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The March Check is in the Mail Print E-mail
By Alex Dunne   
March 10, 2015
Bachler-(1).jpgKevin "Caveman" Bachler

Kevin Bachler of Park Ridge, Illinois, has won the 2014 Walter Muir 14W22. He had previously won a 2008 Walter Muir.


King's Indian fans are I for a treat this month as  Kevin Bachler demonstrates that a healthy disregard for a Pawn or two is a small price to pay for the initiative.


White: Bradley Rogers (2180)
Black: Kevin Bachler (2152)
Walter Muir 2014

1.d4 Nf6 2.c4 g6 3.Nc3 Bg7 4.e4 d6 5.h3

This line, still popular today, was seen as early as 160 years ago in Cochrane-Mahescandra, Kolkata 1855.  One game continued 6..h6 7. Be2 c6.
5...0-0 6.Nf3 Nbd7 7.Bg5 e5 8.d5
Equal was Reti-Kreycik, Vienna 1914, which continued 8. dxe5 Nxe5 9. Nxe5 dxe5 10. Bc5 Re8 11.Qf3 Be6 12. Rdf1 Qc8.  White could continue with 8. Be2, but that does not agree with 5. h3.  A likely continuation would be 8...exd4 9. Nxd4 h6 10. Be3 Nc5 11. Bf3 Qe7 12. Qc2 Re8 when 13. 00!? keeps the position about even after 13...Nxe4 14. Rae1
Black omitted 8...h6 in Bareev-Svidler, Elista 1997, and played 8....a5 9. Bd3 Nc5 10. Bc2 c6 11. Qd2 cxd5 12. cxd5 Bd7 13. a4 Qb6 when Black fought for the initiative.
9.Be3 a5
Necessary to establish the Knight on c5.
A wide variety of moves are available here besides the text -- 10. Nd2, 10. Bd3, 10. Qc2, 10. a3, and the aggressive 10. g4.  Gurevich-Mayer, Las Vegas 1993, continued 10. g4 Nc5 11. Nd2 Ne8 12. Rg1 Kh8 13. a3 f5 14. gxf5 gxf5 15. Qh5  when 15...Nf6 keeps things even.
Black can also play 10...Nc5 here as in Belous-Kanrnic, Porto Carras 2010 when taking the e-Pawn leads to too much play for Black after 11. Bxc5?! dxc5 12. Nxe5 Nxe4 13. Nxe4 Bxe5 14, Nxc5 Bxb2 15. Rb1 Bc3+ 16. Kf1 Re8 17. Nxb7 Qf6 18. Nc5 Bf5
11.Qd2 Kh7 12.0-0
After the very aggressive 12. g4 Nf4 13. Bxf4 exf4 14. Qxf4 Nc5 chances were about even in Ramos Aguilar-Rodriguez Fernandez, El Saugal 2006.  The passive 13. Ng1 as in Delgado-Taner, ICCF 2012, was met by 13...Nhf6 also with equality.
12...b6 13.Ne1
White forces the issue around f4.
13...Nf4 14.Bg4
There is no advantage for White after 14. Bxf4 exf4 15. Qxf4 Qe7 16. f3 Bd4+ 17. Kh1 f5 18. Qd2 Bxc3 19. Qxc3 fxe4.  Now the battle is fought over f5 and f4.
14...Ba6 15.g3 f5 16.exf5 gxf5 17.Qc2 Qf6 18.Ne4 Qf7
In White's favor is 18. ...fxe4 19. Bxd7
19.gxf4 Kh8!?
Equal is 19...exf4 20. Ng3! fxg3 21. fxg3 Ne5 22. Be2
20.Ng2 exf4 21.Nxf4 fxg4 22.hxg4 Ne5
Black has compensation for his Pawn with the more active pieces and White's wounded kingside.
23.Nd2 b5!? 24.c5
Better was 24. cxb5 Bxb5 25. Rfe1.  Now Black's initiative proves too much.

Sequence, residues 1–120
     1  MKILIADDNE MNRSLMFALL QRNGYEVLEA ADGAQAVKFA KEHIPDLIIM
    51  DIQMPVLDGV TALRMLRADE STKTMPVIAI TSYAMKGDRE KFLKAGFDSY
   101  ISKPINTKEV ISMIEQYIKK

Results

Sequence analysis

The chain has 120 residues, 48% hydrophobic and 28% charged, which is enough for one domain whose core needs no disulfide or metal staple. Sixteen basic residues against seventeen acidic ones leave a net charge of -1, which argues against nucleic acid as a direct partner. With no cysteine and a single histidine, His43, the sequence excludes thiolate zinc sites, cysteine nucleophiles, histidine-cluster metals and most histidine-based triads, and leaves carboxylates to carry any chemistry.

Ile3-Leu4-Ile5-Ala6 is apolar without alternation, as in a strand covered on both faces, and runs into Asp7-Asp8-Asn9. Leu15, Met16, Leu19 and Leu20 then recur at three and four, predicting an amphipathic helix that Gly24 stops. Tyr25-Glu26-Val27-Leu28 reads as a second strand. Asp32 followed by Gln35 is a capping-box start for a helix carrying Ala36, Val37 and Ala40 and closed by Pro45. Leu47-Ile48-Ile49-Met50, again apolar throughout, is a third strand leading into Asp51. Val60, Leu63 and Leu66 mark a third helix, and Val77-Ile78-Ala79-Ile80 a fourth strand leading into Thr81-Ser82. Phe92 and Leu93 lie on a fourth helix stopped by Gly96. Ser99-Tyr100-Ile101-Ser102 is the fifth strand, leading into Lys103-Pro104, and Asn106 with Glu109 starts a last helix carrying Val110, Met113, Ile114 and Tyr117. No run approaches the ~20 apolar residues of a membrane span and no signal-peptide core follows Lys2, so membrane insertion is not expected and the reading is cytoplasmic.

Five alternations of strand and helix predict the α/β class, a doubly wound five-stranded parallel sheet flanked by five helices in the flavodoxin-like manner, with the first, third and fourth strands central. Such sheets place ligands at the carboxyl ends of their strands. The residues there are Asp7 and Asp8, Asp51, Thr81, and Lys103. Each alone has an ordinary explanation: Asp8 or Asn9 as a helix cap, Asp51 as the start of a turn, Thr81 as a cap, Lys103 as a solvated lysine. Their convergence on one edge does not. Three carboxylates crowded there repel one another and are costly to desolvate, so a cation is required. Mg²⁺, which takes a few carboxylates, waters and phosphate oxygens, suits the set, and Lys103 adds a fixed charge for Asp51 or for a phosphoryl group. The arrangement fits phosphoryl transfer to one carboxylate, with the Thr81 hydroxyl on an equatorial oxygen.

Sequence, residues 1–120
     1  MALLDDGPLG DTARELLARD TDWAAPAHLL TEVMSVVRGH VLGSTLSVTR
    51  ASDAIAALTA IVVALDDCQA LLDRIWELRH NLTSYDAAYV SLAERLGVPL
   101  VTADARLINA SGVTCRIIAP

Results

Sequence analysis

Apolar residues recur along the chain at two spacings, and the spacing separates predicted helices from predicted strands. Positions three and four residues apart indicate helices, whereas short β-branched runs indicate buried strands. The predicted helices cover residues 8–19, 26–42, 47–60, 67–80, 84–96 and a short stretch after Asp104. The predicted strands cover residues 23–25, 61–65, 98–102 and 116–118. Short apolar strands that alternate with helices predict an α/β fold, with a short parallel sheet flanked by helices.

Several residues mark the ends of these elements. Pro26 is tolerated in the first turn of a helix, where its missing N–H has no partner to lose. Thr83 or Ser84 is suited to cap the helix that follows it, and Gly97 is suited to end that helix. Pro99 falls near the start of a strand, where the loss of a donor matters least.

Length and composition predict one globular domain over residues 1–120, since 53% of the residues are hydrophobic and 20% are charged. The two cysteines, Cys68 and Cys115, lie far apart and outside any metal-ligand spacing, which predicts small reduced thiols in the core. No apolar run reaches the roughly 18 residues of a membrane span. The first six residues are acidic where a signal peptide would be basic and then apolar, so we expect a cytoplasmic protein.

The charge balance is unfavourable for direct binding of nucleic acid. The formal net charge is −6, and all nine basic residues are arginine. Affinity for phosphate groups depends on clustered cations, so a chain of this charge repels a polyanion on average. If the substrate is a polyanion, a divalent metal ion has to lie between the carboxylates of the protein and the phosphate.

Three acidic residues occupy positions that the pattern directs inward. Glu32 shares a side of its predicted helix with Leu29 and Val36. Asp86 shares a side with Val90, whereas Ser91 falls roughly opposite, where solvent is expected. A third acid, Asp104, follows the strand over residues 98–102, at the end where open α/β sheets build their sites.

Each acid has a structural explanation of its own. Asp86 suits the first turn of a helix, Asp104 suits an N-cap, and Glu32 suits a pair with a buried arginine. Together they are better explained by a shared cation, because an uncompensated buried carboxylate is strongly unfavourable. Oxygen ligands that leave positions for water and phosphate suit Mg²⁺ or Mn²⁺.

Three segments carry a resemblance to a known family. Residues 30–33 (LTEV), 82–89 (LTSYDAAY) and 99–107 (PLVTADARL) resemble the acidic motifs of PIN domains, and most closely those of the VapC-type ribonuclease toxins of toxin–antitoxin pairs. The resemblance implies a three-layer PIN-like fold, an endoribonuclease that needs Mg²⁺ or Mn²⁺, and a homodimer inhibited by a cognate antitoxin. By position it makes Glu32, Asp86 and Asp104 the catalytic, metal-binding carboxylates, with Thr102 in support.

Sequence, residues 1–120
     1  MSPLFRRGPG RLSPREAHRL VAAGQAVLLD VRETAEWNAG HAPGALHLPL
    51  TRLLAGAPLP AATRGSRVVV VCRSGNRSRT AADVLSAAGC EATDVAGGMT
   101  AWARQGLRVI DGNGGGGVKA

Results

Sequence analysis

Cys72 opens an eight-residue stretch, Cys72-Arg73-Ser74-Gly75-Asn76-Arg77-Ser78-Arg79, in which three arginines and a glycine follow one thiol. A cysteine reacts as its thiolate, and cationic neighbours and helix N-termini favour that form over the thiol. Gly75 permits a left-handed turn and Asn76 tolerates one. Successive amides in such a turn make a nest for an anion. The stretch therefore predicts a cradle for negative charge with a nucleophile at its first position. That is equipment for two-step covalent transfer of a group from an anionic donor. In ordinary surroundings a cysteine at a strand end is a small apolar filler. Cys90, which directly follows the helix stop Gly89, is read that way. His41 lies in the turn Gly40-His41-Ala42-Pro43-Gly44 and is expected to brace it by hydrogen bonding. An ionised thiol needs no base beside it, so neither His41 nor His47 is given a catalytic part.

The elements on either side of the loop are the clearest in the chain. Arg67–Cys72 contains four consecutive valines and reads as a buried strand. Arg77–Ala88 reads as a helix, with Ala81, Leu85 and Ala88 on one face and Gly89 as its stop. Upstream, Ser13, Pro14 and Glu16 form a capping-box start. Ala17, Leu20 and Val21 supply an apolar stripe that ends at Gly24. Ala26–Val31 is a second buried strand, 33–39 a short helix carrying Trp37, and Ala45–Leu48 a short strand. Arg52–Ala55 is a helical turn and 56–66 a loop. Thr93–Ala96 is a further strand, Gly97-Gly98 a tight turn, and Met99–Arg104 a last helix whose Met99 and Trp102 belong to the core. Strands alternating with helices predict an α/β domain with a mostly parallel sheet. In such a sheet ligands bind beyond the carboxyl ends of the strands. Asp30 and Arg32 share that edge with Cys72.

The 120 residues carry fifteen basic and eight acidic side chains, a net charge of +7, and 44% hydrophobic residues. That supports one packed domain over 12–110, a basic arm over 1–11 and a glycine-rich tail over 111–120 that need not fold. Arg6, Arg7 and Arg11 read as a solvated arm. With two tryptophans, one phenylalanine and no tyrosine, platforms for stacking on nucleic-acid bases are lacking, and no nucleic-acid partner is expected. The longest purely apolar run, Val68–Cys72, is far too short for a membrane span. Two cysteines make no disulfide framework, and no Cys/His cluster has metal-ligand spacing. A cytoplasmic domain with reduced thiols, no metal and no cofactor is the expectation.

24...Rae8 25.f3 b4 26.cxd6 cxd6 27.Rae1
White cedes the exchange as after 27. Rf2 Nd3 28. Ne6 Rxe6 29. dxe6 Qxe6 30. Re2 Ne5 31. Rf2 Nxg4 his game falls apart.
27...Bxf1 28.Rxf1 Kg8 29.Ne6 Rxe6 30.dxe6 Qxe6 31.Qb3

Black could also play the endgame after 31...Qxb3 32. axb3 d5 with a plus, but the middlegame still offers more.
31...d5 32.Bc5 Rc8 33.Bf2 a4! 34.Qxb4

After 34. Qxa4 comes 34...Nxf3+ 35. Nxf3 Qxg4+ when Black wins easily.
With a threat of ..Rxd2
35.Re1 Qf6 36.Rd1 Qa6! 37.Re1 Qd3

All that's left now is mopping up.
38.Qb8+ Kh7 39.Rxe5 Qxd2 40.Qa7 Qxf2+ 41.Qxf2 Rxf2 42.Rxd5 Rxb2 43.a3 Ra2 44.Ra5 Bd4+ 45.Kh1 Rxa3 46.Kg2 Ra2+ 47.Kg3 Bb6 48.Ra6 Bc7+ 49.f4 Ra3+ 0-1

14W22 WalteMuir


Brian Flowers of New Haven, Connecticut scored an undefeated 5-1 in winning John Collins 12C26.   Brian added this John Collins win to his 2007 win in an earlier one.

12C20 John Collins



2015 Absolute

The 2015 Absolute is underway.  Competing for the title of Absolute USCF Correspondence Champion and $180 for first prize (second prize is $80) are Harry Ingersol (2410), James Tracz (2404) Gary Walters (2371)  David Sogin (2357) Kristo Miettinen (2353) Gordon Magat (2315) James Vaughan (2306) Danny Horwitz (2302) Charles Jacobs (2250) John Procopi (2248) and Abe Wilson (2222).

Previous winners participating in the 2015 event are 2010 champion Harry Ingersol and 2009 co-champs Gary Walters and David Sogin.


Trophy Quad

                Roger Pedersen  13Q03   4-2
                John Terrall        13Q03   4-2
                Carl Gibson             13Q14  5-1
                Errol Acosta        13Q14  5-1
                David Sherman   12Q06  5-1

John Collins

                Jill Jaris        14C05   5 ½-½
                Brian Flowers 12C20  5-1
                John Koehler   12C19  5-1

Walter Muir
                Kevin Bachler  14W22  5 ½-½
                Gregory Sanders 14E04   5-1
                Timothy Weil    14W04   5-1
                Errol Acosta   14W39  5-1

                Christopher Ballard  13P03  6-0

Quote:  I'm of the opinion that all chess players should give correspondence chess a try at least once.  It's a totally different discipline from over the board chess.  Obviously, you have more time to ponder your moves, which leads to a more relaxed atmosphere.  At the same time, it requires a great deal more patience than OTB chess.  -- Steve Lopez


                      Kenneth Anderson

Kenneth Anderson was born January 17, 1956 in Ames, Iowa, died January 10, 2015.


After a simple mistake on Move 13, relentless simplification produces the point for Black.


Michael Miller sends in this unusual draw.  He writes "...the ending was unlike anything I coukld find in chess literature (Fine, Smyslov, Averbakh) that I have on my shelf".



White uncorks a surprise trap on Move 12.


When Black discovers he can't take on d3 because of Nb6, his game is beyond help.


White's Knight forks Black's Queen and Rook twice but still comes up empty handed.